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Heneage v. DTE Energy Services, Inc.

United States District Court, D. Nevada

May 8, 2018

NAOMI HENEAGE, Plaintiff,
v.
DTE ENERGY SERVICES, INC., a Michigan corporation; and NEWMONT NEVADA ENERGY INVESTMENT, LLC, a Nevada corporation, Defendants.

          ORDER

          LARRY R. HICKS UNITED STATES DISTRICT JUDGE

         Before the court is defendant DTE Energy's (“DTE”) motion for attorney's fees and costs. ECF No. 111. Plaintiff Naomi Heneage (“Heneage”) filed an opposition to the motion (ECF No. 113) to which DTE replied (ECF No. 116).

         I. Facts and Procedural Background

         Defendant Newmont Energy Investment, LLC (“Newmont”) owns the TS Power Plant in Dunphy, Nevada. In late 2005, Newmont and DTE entered into a contract for the operation of the power plant whereby DTE would operate the power plant on Newmont's behalf. Under the agreement, DTE was responsible for staffing and running the power plant while Newmont set operating objectives for the plant. To meet its staffing needs, DTE held a job fair in Elko, Nevada, during which plaintiff Heneage applied for a position with DTE. Heneage was eventually hired as a shift supervisor and began her employment at the plant in March 2007.

         In early 2010, Newmont unilaterally terminated the operating agreement with DTE effective June 30, 2010. As a result of Newmont's termination of the operating agreement, all DTE power plant employees were terminated on June 30, including Heneage. Defendant Newmont then allowed current DTE employees to apply for retention employment at the plant. Heneage applied for retention employment, but was not retained by Newmont.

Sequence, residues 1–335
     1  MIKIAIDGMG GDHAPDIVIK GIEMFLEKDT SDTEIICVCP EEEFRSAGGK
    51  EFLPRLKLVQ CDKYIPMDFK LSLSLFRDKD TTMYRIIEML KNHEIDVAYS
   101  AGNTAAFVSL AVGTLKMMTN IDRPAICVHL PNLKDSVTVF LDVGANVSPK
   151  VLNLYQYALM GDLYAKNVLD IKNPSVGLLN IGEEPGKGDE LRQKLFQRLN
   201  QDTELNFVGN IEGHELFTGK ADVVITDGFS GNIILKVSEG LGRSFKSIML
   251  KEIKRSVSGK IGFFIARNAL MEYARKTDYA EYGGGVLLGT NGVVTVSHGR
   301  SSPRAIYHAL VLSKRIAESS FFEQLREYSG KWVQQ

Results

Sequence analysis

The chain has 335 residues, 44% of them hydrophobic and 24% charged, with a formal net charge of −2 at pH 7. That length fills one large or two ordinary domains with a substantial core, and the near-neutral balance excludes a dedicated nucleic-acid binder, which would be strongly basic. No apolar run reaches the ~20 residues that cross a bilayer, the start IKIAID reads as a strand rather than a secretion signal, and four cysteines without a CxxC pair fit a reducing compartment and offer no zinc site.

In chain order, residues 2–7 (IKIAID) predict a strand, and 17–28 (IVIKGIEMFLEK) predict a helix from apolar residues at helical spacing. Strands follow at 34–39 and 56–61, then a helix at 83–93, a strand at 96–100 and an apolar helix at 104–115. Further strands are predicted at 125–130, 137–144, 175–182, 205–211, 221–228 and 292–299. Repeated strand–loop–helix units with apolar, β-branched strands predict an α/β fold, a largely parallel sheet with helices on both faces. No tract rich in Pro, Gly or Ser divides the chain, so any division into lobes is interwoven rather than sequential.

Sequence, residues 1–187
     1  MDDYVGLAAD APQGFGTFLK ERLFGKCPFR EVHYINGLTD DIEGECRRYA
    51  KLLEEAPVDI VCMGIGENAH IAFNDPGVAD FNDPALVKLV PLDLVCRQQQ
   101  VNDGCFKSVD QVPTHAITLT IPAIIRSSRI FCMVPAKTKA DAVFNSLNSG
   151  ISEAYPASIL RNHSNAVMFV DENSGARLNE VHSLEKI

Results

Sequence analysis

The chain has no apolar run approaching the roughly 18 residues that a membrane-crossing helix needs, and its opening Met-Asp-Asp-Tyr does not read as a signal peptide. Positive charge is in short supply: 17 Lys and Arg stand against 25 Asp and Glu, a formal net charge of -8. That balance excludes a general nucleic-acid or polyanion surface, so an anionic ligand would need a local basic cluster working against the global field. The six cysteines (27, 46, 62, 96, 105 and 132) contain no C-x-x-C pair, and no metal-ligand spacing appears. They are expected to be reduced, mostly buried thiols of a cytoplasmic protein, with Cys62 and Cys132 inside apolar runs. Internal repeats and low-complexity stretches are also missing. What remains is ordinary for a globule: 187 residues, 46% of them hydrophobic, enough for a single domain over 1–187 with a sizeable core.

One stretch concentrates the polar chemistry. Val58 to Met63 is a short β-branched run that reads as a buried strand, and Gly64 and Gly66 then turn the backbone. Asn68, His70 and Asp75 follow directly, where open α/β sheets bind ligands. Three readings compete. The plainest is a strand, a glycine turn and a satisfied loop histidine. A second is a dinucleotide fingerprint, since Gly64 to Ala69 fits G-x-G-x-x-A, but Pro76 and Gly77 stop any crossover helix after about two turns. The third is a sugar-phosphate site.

On September 23, 2011, Heneage filed a complaint against both DTE and Newmont alleging two causes of action: (1) Title VII gender discrimination and retaliation; and (2) Family Medical Leave Act (“FMLA”) retaliation. ECF No 2. In response, defendants filed a motion for judgment on the pleadings (ECF No. 32) which was granted by the court (ECF No. 42). Heneage then appealed the court's order of dismissal to the Ninth Circuit. ECF No. 44. On June 18, 2015, the Ninth Circuit affirmed in-part and reversed in-part the court's order of dismissal. ECF No. 52. In particular, the Ninth Circuit held that Heneage had raised a permissible inference of gender discrimination by defendant Newmont as well as a permissible inference of Title VII retaliation by both defendants. Id.

         On October 22, 2015, Heneage filed a second amended complaint against defendants alleging two causes of action: (1) Title VII gender discrimination against defendant Newmont; and (2) Title VII retaliation against both defendants. ECF No. 63. In response, DTE filed a motion for summary judgment (ECF No. 87) which was granted by the court (ECF No. 108). Thereafter, DTE filed the present motion for attorney's fees and costs. ECF No. 111.

         II. Discussion

         A. Attorney's Fees